As far as we can tell, the original Blue Moon definition comes from the Maine Farmers’ Almanac, which started publication towards the beginning of last century. This almanac’s calendar ran from one Winter (Northern hemisphere) Solstice to the next. Each year was divided into four fixed seasons of equal length. Most years contain 12 full Moons - three each in Winter, Spring, Summer, and Autumn - and each was named for an activity appropriate to the time of year (such as the Harvest Moon and specific Moons associated with Easter and Christmas). But occasionally the year contained 13 full Moons so one of the seasons had an extra full Moon. The third full Moon in the season was called a Blue Moon. The third one got this honour, because only then did the names of the other full Moons fall at the proper times relative to the Solstices and Equinoxes.

Now comes the mistake. An article, by James Hugh Pruett, entitled “Once in a Blue Moon” appeared in the March 1946 edition of Sky & Telescope. Pruett was an amateur astronomer and frequently wrote articles on a variety of topics, especially fireballs and meteors for Sky & Telescope. The article mentions, as a basis, the Maine Farmers’ Almanac, but unfortunately, in the article he says:

“Seven times in 19 years there were - and still are – 13 full moons in a year. This gives 11 months with one full moon each and one with two. This second in a month, so I interpret it, was called Blue Moon”.

Pruett must not have had the almanac handy, or he would have noticed that the almanac’s Blue Moon fell on the 21st of the month (obviously not the second full Moon that month). This new erroneous definition of Blue Moon crept into folklore, presumably because Sky & Telescope was more widely read and authoritatively accepted than the Maine Farmers’ Almanac.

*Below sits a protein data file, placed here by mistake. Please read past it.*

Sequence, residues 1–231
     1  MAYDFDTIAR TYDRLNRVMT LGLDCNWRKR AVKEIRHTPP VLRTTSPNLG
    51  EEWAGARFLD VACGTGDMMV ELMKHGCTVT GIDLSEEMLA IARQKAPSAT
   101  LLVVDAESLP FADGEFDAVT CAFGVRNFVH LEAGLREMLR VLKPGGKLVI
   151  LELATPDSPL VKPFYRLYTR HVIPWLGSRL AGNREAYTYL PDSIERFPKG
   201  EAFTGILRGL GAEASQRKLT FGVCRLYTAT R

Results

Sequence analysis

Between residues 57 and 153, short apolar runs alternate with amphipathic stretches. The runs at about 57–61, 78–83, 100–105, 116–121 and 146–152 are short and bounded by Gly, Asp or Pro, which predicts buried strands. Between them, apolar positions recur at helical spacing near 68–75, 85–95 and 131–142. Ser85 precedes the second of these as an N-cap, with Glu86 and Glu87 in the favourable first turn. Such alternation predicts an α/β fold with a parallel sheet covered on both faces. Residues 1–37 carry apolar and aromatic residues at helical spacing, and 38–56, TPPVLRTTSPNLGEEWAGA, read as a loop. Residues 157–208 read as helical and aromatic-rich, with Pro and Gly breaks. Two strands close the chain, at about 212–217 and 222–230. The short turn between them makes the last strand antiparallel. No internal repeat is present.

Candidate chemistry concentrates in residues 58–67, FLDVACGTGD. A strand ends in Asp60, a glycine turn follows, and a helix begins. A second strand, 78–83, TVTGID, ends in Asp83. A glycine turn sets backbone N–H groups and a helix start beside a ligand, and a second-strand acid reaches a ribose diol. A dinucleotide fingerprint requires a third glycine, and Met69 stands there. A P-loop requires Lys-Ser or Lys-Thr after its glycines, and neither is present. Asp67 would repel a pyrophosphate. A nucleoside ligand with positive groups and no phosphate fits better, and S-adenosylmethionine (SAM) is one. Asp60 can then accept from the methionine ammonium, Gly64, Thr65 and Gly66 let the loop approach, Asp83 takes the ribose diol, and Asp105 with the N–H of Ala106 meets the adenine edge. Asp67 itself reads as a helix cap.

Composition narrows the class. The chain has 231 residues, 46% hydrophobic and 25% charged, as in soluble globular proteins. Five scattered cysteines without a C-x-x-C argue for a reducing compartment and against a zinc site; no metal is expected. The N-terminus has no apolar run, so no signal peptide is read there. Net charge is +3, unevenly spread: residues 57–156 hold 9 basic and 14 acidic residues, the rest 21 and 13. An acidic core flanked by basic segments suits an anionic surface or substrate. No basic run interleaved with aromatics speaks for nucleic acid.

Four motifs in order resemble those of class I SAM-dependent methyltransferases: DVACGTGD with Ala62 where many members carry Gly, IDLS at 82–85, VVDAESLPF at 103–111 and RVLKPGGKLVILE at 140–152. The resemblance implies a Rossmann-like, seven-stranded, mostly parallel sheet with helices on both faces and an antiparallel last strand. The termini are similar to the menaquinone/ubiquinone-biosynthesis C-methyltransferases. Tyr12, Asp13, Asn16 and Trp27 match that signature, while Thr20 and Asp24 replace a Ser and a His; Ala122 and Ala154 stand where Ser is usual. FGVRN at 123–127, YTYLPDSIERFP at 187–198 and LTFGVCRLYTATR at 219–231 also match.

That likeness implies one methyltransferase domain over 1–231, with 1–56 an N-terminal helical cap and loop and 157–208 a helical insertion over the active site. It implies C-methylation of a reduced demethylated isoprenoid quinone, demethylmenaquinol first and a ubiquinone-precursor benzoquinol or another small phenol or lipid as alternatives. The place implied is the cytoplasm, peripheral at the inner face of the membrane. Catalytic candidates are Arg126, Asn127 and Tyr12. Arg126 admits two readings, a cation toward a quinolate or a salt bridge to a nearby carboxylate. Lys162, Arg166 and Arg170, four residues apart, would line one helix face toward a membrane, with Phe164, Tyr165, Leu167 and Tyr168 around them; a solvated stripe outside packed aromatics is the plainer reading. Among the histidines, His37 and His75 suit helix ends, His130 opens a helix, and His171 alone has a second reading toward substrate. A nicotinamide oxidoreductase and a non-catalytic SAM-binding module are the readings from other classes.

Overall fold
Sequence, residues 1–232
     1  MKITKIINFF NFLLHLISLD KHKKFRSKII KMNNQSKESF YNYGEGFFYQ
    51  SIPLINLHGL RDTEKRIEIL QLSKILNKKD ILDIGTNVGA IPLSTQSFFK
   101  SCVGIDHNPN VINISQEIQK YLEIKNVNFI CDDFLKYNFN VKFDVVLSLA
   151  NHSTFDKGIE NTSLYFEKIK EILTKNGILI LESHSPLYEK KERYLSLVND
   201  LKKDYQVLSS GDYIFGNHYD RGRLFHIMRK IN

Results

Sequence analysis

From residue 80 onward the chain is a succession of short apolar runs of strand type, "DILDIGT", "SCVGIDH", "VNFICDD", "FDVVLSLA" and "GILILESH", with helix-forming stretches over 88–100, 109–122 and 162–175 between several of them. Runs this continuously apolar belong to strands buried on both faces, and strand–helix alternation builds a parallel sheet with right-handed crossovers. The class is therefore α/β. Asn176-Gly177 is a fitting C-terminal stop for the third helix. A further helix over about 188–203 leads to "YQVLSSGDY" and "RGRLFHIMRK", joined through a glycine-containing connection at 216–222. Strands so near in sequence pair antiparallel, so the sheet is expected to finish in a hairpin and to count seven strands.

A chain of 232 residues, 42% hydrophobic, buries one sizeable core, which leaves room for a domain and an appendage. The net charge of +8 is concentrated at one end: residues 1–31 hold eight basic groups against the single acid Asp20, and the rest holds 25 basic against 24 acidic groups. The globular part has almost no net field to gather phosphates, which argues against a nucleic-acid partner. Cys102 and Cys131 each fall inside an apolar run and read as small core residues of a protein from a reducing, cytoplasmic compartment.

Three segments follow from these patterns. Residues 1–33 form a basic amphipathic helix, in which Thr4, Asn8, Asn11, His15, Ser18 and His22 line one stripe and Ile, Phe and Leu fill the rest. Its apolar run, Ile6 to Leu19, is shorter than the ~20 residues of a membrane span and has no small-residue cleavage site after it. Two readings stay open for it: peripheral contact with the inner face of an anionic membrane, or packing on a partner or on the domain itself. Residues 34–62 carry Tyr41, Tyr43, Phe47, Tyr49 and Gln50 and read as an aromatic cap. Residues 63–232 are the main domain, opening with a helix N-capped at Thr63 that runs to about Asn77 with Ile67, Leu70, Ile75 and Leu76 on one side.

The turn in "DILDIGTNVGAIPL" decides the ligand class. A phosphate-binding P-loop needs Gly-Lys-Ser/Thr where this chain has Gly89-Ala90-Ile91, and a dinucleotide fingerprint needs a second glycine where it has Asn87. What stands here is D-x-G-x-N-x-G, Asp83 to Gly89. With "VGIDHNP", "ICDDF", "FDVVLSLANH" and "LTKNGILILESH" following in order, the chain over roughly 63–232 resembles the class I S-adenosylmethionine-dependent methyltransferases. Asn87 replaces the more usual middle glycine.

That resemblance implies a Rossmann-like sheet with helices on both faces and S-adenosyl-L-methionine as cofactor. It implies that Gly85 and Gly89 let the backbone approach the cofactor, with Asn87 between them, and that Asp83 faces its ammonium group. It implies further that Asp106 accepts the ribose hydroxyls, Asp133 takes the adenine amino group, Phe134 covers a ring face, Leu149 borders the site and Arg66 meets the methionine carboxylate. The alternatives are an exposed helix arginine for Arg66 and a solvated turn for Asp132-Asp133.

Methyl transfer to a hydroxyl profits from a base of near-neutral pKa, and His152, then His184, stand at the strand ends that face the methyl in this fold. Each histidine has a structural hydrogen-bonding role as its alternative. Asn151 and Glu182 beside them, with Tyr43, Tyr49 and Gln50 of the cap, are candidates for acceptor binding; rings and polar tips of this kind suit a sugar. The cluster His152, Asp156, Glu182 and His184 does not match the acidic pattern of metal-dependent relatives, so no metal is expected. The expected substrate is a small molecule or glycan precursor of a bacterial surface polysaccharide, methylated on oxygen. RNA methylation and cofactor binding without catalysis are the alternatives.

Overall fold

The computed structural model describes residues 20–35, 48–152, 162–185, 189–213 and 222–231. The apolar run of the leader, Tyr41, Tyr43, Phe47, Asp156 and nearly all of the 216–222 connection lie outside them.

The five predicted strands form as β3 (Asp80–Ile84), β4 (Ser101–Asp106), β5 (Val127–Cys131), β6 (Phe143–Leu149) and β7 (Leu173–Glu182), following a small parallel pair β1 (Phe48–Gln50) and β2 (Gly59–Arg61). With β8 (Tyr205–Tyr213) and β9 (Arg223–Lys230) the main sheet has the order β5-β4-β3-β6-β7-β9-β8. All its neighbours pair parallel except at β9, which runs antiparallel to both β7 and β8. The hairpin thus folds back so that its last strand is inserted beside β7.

Another accepted meaning of the term Blue Moon is when certain atmospheric conditions cause the Moon to take on a bluish colour. Dust in the atmosphere usually turns the Moon a reddish colour.

Webster’s Dictionary does not mention the two Full Moon explanation. The entry says, “the rare blue appearance of the moon that is due to dust particles in the high atmosphere”. Blue Moon is not even mentioned in the Oxford English Dictionary or the Encyclopædia Britannica.

Wikipedia agrees with the explanations above.

May Sky Chart

This chart shows the sky as it appears at about 21:00 for ~July 15.

Click for big version

How To Use the Sky Charts
To use the sky chart hold it up to the sky so that the direction in which you are looking is at the lower edge of the map. For example, if you are looking at the western horizon then the map should be held so that the “WEST” label is at the lower edge. The altitude and direction of the stars and planets will then be correctly shown. The centre of the chart will be directly overhead.


If you would like to receive Carter Observatory’s full e-Newsletter, please email to to be included on the list.

Brian Carter is the Senior Astronomer at Carter Observatory (The National Observatory of New Zealand), PO Box 2909, Wellington. (DDI; 04 494 8321, Email: , Observatory Web Site: )